Or, feel welcome to contact me for information on other new advances in home security, and to learn which carriers are providing real incentives to improve the loss prevention features in the homes they insure.

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Recent news reports tell a story that insurance carriers know all too well: residential construction projects involve a number of risks that can create significant damage to your home.  Determining who can be responsible after a loss can be very challenging. While it is  important to have the right insurance coverage, it is just as critical to know the steps that can be taken to avoid or reduce the chances of the most common causes of loss.   

This insightful report explains the risks, as well as the precautions that can be taken to reduce the risk of loss during home renovation and construction projects.

 

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It is alarming, but true: depending upon where your home is located, your local fire department may not have much of a chance of extinguishing a fire in your home. 

Having worked for many years as a residential appraiser with Chubb, my colleague, Melissa Apostle, provided The Robb Report with several great suggestions on how vacation homeowners can work to improve the response time they can hope to receive from their local fire departments. The article – “A little preplanning can save your home if a fire strikes” – appears in the March 2008 Vacation Homes edition of The Robb Report.

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It is alarming how many people confuse the purchase price or appraised value of a residence with the cost to rebuild it.

The common thinking: My house is worth X, the land is probably worth 30 – 40% of that, so I will insure it for 70% of X, since the property won’t burn. Realtors, mortgage lenders, and tax assessors confuse the issue by inserting their own valuation methods. Since you will want your insurance policy to provide the coverage to rebuild your home after a loss, you need to insure it for the cost to rebuild it, and not some other unrelated value. You should also want your insurance carrier to guarantee that they will provide the full costs to rebuild should those costs escalate.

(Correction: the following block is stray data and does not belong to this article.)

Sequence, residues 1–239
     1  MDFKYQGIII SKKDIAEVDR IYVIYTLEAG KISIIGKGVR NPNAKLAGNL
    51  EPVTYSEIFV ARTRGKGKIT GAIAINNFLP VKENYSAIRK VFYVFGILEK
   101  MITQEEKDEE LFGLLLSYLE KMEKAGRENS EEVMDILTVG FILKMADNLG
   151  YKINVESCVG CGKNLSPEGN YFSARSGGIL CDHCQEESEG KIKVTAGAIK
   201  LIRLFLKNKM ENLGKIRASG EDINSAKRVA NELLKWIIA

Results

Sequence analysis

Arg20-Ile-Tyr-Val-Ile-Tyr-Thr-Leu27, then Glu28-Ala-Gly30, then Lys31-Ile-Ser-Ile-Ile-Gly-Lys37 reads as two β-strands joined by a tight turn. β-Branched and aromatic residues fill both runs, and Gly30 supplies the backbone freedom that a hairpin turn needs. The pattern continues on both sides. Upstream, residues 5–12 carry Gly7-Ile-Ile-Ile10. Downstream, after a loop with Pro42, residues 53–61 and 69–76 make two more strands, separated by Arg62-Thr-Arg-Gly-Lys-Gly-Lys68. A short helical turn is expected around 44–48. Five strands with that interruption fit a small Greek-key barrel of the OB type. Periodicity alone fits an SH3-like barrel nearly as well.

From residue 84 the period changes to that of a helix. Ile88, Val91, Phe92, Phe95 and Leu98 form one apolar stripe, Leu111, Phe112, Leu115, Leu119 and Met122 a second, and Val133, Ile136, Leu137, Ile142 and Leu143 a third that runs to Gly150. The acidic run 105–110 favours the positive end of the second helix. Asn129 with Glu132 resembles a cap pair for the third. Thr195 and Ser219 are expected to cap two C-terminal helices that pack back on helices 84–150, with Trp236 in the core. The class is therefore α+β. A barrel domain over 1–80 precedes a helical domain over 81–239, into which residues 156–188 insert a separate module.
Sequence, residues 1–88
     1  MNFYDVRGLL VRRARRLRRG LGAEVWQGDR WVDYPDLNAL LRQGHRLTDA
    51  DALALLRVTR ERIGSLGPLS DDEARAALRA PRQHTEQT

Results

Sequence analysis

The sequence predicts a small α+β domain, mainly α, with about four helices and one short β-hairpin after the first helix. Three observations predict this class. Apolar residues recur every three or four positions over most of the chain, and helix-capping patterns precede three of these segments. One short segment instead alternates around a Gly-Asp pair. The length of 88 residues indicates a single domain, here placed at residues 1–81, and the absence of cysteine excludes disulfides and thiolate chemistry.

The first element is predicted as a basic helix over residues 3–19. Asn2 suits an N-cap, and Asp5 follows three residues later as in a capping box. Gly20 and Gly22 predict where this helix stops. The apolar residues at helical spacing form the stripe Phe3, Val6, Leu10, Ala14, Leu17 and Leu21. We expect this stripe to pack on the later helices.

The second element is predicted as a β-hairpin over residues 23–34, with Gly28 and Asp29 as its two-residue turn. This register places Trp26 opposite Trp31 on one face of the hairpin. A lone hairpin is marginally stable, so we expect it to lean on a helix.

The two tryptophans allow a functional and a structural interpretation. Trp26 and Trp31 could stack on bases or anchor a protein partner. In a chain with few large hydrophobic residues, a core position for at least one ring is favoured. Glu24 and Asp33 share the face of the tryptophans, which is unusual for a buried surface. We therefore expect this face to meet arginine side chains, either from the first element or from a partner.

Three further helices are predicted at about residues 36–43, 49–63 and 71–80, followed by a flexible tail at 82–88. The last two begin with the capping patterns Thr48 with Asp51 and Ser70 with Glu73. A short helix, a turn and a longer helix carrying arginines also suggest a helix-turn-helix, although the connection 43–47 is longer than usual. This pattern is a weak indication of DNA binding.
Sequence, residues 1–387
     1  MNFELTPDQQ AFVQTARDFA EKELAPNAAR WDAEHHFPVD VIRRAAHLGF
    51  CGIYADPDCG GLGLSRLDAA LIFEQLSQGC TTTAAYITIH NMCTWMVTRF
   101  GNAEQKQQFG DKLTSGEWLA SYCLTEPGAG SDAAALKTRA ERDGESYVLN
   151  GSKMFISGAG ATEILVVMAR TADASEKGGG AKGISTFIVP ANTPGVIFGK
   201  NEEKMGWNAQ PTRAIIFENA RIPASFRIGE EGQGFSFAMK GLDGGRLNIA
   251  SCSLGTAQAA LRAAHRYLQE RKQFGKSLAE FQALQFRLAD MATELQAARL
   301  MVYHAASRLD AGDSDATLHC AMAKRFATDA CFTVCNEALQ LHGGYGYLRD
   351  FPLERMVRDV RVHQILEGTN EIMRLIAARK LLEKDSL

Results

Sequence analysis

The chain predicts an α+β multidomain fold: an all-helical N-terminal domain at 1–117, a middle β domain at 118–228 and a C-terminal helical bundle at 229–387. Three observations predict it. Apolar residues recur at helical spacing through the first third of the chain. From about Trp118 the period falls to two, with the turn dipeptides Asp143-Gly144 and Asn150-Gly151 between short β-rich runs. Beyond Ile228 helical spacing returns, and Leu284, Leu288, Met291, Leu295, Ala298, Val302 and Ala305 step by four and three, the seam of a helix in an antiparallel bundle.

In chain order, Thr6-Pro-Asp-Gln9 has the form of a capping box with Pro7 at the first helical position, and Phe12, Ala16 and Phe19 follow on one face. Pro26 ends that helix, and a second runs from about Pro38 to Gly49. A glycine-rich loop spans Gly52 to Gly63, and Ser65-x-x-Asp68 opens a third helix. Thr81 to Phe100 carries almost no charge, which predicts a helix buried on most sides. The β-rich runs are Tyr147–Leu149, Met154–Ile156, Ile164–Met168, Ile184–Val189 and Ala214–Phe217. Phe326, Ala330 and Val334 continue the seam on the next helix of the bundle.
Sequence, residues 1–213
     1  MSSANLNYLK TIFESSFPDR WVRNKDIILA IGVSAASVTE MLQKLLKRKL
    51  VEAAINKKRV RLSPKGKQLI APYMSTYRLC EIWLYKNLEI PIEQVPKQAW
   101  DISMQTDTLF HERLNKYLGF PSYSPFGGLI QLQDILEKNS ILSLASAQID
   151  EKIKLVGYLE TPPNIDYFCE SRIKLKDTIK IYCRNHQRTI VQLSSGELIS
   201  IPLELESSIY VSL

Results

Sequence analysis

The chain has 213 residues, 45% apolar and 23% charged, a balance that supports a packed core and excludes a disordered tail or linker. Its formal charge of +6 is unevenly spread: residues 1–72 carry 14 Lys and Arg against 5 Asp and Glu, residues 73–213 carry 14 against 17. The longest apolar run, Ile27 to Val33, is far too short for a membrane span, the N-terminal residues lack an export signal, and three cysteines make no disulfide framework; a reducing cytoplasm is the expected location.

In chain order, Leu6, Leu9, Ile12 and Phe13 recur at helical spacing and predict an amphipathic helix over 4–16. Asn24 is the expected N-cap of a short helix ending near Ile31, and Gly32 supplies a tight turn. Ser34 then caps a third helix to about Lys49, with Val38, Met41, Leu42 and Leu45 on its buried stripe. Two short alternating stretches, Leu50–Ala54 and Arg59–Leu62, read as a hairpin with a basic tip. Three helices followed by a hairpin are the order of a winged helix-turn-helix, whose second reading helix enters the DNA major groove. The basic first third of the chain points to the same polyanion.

This excellent New York Times article  explains that ariving at the proper cost to rebuild a home (and securing coverage that actually guarantees to do so) is much easier said than done.

Essentially, the insurance industry takes what can be categorized as two very different approaches to valuing and insuring homes (and cooperative apartments and condominiums). Using the most common approach, you and your agent guesstimate the cost to rebuild your home, and the insurance carrier either accepts or modestly adjusts the result. The downside?  Since this is only a guesstimate, your receive no contractual guarantee that the carrier will pay the full costs to rebuild your home after a covered loss. (often referred to as”the fine print”). The article shares the plight of the many who proceeded using this approach.

The second approach is the one we recommend: have the cost to rebuild calculated by a trained professional, and place coverage with a carrier who will provide a contractual guarantee to rebuild, regardless of any future cost surges. Contact me to learn more about how this can be accomplished.